june UBHH: fighting with the communist, breakdancing with the blogren

Last week’s UBHH was smaller than usual — we were missing several of the usual suspects (Dennis, Kelly and Glenna) — but we had some new faces and a handful of intense conversations.

Revence and I got into another fight, this time about whether Uganda is more democratic than the United States. There are so many problems inherent with such a simplistic question: what is democracy? How do you define democratic? How do you rate the various aspects of democracy, and which ones weigh more than others? Are we talking about the current administrations, or each country’s history as a whole? Can you even count Uganda’s history as a coherent whole, politically speaking?

I’m not going to rehash our conversation, aside from pointing out that after declaring that he “hated all Americans,” Revence promptly granted all Americans present at UBHH honorary Ugandan citizenship to avoid the sticky question of whether or not we could still be friends. I’d just like to direct your attention to this article, which details the recent decision of the High Court in the UK to fine Museveni 60 billion shillings for illegally shutting down a Ugandan newspaper in 1986. It isn’t directly related to our discussion about democracy, but I think it’s funny.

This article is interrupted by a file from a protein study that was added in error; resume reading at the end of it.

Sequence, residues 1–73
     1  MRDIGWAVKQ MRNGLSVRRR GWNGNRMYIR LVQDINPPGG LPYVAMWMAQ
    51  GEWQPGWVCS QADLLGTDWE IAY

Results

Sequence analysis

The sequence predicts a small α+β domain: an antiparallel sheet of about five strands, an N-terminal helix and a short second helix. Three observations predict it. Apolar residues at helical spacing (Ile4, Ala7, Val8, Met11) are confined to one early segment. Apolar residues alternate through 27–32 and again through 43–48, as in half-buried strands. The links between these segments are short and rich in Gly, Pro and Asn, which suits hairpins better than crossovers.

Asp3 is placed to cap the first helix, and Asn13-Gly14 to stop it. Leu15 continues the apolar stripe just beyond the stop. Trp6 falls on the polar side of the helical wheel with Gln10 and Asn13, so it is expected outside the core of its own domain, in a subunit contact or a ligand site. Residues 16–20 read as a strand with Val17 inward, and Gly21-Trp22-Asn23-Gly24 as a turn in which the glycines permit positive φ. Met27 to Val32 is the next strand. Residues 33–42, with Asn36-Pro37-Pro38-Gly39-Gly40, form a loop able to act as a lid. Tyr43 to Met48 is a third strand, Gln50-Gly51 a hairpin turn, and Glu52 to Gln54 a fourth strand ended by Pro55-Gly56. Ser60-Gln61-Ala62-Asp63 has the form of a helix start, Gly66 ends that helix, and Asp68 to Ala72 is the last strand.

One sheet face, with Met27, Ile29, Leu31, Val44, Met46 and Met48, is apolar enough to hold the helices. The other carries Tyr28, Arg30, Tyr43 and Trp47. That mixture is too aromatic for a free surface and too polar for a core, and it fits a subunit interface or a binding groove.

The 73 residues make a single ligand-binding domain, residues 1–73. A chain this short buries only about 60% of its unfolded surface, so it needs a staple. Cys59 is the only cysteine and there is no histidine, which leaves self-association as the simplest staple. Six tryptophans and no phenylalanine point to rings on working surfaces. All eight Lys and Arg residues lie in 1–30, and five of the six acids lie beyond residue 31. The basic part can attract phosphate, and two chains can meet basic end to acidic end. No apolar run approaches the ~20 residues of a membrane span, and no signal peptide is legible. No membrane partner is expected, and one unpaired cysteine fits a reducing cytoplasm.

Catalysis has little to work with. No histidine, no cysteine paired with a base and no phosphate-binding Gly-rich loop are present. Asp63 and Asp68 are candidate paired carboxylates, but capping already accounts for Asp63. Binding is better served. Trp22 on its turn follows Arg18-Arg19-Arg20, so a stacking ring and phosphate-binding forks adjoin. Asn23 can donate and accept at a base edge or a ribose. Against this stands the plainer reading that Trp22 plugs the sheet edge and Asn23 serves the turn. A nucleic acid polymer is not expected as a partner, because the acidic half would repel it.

Petty disagreements aside, I had a great time — so good, in fact, that Dee, Carlo and I decided we couldn’t wait until next month to see each other. We’re going breakdancing with Breakdance Project Uganda tomorrow afternoon at the Sharing Youth Center in Nsambya. Join us some time after 4:30 and before 8:00 to have my friend Abramz and his fellow breakdance geniuses teach you how to do this:


The June Uganda Bloggers Happy Hour will take place on Thursday, June 21 at 6:30 PM at Mateo’s. I have a fancy-schmancy new calendar on my computer, so no more mix-ups. Rumor has it there will be more Danes, and I’m looking forward to discussing Idi Amin and catching up on everything I missed while I was up north this week.

By the way, I found beans in Apac this time.

GVO: Self reflection and the search for meaning in the Ugandan Blogosphere

My first piece is up at Global Voices Online: